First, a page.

Entropy is one of the most fascinating ideas in the history of mathematical sciences.

In Phenomenological Thermodynamics…

Entropy was introduced into thermodynamics in the 19th century. Like the free energies, it describes the state of a thermodynamic system. At the beginning, entropy is merely phenomenological. The physicists found it useful to incorporate the description using entropy in the second law of thermodynamics with clarity and simplicity, instead of describing it as convoluted heat flow (which is what it is originally about) among macroscopic systems (say, the heat flow from the hotter pot of water to the air of the room). It did not carry any statistical meaning at all until 1870s.

In Statistical Physics…

Ludwig Boltzmann (1844-1906)

The statistical meaning of entropy was developed by Ludwig Boltzmann, a pioneer of statistical physics, who studied the connection of the macroscopic thermodynamic behavior to the microscopic components of the system. For example, he described the temperature to be the average of the fluctuating kinetic energy of the particles. And he formulated the entropy to be

$S = - k_B \sum_i p_i \log p_i$,

where i is the label for each microstate, and $k_B$ is the Boltzmann’s constant. And in a closed system, the total entropy never decreases.

Information Theory and Statistical Physics United

In statistical physics, Boltzmann’s assumption of equal a priori equilibrium properties is an important assumption. However, in 1957, E. T. Jaynes published a paper relating information theory and statistical physics in Physical Review indicating that merely the principle of maximum entropy is sufficient to describe equilibrium statistical system. [Jaynes 1957] In statistical physics, we are aware that systems can be described as canonical ensemble, or a softmax function (normalized exponential), i.e., $p_i \propto \exp(-\beta E_i)$. This can be easily derived by the principle of maximum entropy and the conservation of energy. Or mathematically, the probabilities for all states i with energies $E_i$ can be obtained by maximizing the entropy

$S = -\sum_i p_i \log p_i$,

under the constraints

$\sum_i p_i = 1$, and
$\sum_i p_i E_i = E$,

where E is a constant. The softmax distribution can be obtained by this simple optimization problem, using basic variational calculus (Euler-Lagrange equation) and Lagrange’s multipliers.

The principle of maximum entropy can be found in statistics too. For example, the form of Gaussian distribution can be obtained by maximizing the entropy

$S = - \int dx \cdot p(x) \log p(x)$,

with the knowledge of the mean $\mu$ and the variance $\sigma^2$, or mathematically speaking, under the constraints,

$\int dx \cdot p(x) = 1$,
$\int dx \cdot x p(x) = \mu$, and
$\int dx \cdot (x-\mu)^2 p(x) = \sigma^2$.

In any statistical systems, the probability distributions can be computed with the principle of maximum entropy, as Jaynes put it [Jaynes 1957]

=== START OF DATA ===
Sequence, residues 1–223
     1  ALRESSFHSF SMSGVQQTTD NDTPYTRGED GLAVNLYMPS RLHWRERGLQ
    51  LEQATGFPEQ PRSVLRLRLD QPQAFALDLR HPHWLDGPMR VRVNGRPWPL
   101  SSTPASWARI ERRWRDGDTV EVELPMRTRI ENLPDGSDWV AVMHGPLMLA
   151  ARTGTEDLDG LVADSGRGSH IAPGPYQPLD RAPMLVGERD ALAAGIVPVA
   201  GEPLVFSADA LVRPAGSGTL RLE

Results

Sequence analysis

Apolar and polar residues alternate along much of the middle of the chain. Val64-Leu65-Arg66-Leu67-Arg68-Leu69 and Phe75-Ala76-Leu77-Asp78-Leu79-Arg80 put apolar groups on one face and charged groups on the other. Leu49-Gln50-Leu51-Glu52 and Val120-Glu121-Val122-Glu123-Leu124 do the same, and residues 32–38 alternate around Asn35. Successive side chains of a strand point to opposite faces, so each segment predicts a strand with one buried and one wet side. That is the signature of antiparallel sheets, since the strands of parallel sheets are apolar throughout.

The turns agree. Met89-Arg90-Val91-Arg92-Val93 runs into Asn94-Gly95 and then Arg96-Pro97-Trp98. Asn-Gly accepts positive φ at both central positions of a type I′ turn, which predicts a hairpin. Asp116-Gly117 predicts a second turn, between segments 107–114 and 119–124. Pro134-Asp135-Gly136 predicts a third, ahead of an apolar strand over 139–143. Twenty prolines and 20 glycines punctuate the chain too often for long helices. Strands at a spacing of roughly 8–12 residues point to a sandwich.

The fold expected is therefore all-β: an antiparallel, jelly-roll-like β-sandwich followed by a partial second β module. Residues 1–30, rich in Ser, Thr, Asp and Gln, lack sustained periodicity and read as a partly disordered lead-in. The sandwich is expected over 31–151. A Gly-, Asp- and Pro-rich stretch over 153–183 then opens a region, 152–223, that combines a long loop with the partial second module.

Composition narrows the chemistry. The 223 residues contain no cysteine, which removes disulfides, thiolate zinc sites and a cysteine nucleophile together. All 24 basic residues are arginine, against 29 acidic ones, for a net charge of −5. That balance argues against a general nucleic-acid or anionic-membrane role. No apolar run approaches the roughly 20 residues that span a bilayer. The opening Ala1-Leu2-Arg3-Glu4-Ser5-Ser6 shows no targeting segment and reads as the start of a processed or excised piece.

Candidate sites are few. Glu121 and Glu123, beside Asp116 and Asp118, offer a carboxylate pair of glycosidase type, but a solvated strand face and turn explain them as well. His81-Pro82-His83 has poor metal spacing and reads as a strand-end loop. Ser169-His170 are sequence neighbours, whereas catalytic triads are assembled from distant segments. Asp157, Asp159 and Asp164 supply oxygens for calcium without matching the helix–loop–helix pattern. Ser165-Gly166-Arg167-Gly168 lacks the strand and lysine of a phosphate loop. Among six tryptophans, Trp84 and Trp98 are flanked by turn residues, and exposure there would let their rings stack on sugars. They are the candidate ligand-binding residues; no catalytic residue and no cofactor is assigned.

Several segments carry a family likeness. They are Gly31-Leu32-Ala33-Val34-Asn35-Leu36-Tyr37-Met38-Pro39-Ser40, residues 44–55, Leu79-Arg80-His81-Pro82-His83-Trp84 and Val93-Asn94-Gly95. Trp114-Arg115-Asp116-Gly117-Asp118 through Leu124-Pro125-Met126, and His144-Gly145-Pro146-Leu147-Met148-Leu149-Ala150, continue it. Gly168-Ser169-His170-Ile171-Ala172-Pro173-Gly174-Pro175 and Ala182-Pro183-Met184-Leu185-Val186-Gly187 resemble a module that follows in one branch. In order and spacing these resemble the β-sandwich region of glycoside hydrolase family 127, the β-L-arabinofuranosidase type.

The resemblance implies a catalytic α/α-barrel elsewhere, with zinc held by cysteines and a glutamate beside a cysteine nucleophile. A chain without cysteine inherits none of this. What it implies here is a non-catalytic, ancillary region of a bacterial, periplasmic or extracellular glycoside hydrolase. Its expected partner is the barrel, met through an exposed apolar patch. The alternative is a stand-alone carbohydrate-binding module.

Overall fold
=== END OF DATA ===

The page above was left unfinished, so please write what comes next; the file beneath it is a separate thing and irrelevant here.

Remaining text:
It is the least biased estimate possible on the given information; i.e., it is maximally noncommittal with regard to missing information.

In statistical physics, entropy is roughly a measure how “chaotic” a system is. In information theory, entropy is a measure how surprising the information is. The smaller the entropy is, the more surprising the information is. And it assumes no additional information. Without constraints other than the normalization, the probability distribution is that all $p_i$‘s are equal, which is equivalent to the least surprise. Lê Nguyên Hoang, a scientist at Massachusetts Institute of Technology, wrote a good blog post about the meaning of entropy in information theory. [Hoang 2013] In information theory, the entropy is given by

$S = -\sum_i p_i \log_2 p_i$,

which is different from the thermodynamic entropy by the constant $k_B$ and the coefficient $\log 2$. The entropies in information theory and statistical physics are equivalent.

Entropy in Natural Language Processing (NLP)

The principle of maximum entropy assumes nothing other than the given information to compute the most optimized probability distribution, which makes it a desirable algorithm in machine learning. It can be regarded as a supervised learning algorithm, with the features being ${p, c}$, where p is the property calculated, and c is the class. The probability for ${p, c}$ is proportional to $\exp(- \alpha \text{\#}({p, c}))$, where $\alpha$ is the coefficient to be found during training. There are some technical note to compute all these coefficients, which essentially involves solving a system of algebraic equations numerically using techniques such as generalized iterative scaling (GIS).

Does it really assume no additional information? No. The way you construct the features is how you add information. But once the features are defined, the calculation depends on the training data only.

The classifier based on maximum entropy has found its application in part-of-speech (POS) tagging, machine translation (ML), speech recognition, and text mining. A good review was written by Berger and Della Pietra’s. [Berger, Della Pietra, Della Pietra 1996] A lot of open-source softwares provide maximum entropy classifiers, such as Python NLTK and Apache OpenNLP.